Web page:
It just remains for me to say a huge thank you Tsitsi, Dalila and all my fellow runners for their company and support.
For anyone’s who’s interested, the subsequent journey back to London and home took a painful 21 hours. I promise you that I will never, ever again forget about Comoros!
If any of you can make it, then I’d love to see you in London on 4th July 2020 for the UK, and final, leg of Run the World!
If you’d like to help fight cancer then I and, far more importantly, cancer sufferers around the world, would be immensely grateful for any donations to Cancer Research : https://www.justgiving.com/fundraising/Dan-Thompson11
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Facts & Stats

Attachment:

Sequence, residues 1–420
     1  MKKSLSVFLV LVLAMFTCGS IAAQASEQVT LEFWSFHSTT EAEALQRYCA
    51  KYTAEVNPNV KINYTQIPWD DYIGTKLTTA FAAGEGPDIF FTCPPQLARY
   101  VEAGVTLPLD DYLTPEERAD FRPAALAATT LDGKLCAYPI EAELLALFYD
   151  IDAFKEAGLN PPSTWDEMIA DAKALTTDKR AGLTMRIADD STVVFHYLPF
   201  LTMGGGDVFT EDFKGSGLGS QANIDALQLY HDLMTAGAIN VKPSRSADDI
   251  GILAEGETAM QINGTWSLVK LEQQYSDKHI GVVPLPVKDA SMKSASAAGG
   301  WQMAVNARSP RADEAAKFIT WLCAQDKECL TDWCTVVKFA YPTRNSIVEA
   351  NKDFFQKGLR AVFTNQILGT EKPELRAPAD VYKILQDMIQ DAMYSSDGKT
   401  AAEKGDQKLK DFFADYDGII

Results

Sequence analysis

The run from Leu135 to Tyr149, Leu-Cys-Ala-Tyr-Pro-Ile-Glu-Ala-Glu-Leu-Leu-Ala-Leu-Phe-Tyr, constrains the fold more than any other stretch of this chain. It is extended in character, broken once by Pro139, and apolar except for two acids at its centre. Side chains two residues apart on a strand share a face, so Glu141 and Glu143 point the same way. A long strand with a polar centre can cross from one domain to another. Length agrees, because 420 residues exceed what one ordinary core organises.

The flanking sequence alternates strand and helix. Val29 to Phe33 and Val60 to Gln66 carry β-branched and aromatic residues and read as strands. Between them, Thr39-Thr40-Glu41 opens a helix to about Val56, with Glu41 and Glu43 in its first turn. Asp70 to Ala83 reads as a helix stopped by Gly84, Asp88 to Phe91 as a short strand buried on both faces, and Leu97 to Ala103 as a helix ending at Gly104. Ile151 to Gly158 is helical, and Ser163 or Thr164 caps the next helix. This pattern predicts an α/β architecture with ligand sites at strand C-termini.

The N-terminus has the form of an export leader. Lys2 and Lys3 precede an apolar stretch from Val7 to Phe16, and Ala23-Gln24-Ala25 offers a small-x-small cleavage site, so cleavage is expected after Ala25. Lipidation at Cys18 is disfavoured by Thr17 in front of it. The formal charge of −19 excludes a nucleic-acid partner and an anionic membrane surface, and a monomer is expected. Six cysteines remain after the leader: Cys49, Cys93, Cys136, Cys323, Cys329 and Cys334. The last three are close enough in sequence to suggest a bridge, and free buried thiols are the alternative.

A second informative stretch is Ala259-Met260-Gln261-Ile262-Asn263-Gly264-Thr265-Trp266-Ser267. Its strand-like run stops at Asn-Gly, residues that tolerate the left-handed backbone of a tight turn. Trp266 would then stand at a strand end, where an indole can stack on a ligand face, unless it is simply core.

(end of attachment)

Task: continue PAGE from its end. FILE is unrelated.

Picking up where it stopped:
From Wikipedia, the free encyclopaedia.
The Comoros is an island country in the Indian Ocean located at the northern end of the Mozambique Channel off the eastern coast of Africa between northeastern Mozambique, the French region of Mayotte, and northwestern Madagascar. The capital and largest city in Comoros is Moroni. The religion of the majority of the population is Sunni Islam.
At 1,660 km2 (640 sq mi), excluding the contested island of Mayotte, the Comoros is the fourth-smallest African nation by area. The population, excluding Mayotte, is estimated at 795,601.As a nation formed at a crossroads of different civilisations, the archipelago is noted for its diverse culture and history. The archipelago was first inhabited by Bantu speakers who came from East Africa, supplemented by Arab and Austronesian immigration.